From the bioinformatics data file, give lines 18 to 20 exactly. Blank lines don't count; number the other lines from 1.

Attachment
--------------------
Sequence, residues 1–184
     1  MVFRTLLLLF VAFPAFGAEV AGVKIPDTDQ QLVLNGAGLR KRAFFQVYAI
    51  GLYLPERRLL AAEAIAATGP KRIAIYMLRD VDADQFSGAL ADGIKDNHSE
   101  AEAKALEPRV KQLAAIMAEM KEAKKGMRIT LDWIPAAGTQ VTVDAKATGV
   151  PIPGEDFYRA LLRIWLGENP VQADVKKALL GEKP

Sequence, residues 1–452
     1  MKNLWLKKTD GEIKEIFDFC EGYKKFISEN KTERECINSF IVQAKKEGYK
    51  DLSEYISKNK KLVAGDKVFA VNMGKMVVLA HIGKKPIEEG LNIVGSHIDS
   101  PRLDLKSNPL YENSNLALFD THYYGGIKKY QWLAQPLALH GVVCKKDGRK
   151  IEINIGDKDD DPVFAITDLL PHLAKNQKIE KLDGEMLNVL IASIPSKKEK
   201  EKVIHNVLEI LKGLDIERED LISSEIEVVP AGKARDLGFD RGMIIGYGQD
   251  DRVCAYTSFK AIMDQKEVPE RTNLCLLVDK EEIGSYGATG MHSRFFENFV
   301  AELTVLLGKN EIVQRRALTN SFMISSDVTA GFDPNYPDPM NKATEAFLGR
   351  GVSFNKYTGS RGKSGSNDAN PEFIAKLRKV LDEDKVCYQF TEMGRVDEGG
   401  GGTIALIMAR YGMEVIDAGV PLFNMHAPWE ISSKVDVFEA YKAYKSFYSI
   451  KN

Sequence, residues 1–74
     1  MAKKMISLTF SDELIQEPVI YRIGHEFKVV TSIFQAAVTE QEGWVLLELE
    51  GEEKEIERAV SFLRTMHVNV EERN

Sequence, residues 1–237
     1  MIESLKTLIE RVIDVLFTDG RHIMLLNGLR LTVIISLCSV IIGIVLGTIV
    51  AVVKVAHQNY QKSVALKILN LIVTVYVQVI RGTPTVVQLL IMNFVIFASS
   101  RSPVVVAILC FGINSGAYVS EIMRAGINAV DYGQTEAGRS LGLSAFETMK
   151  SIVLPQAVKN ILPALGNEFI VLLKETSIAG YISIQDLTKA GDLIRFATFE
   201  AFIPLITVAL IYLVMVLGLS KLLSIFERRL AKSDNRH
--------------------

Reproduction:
     1  MAKKMISLTF SDELIQEPVI YRIGHEFKVV TSIFQAAVTE QEGWVLLELE
    51  GEEKEIERAV SFLRTMHVNV EERN

Sequence, residues 1–237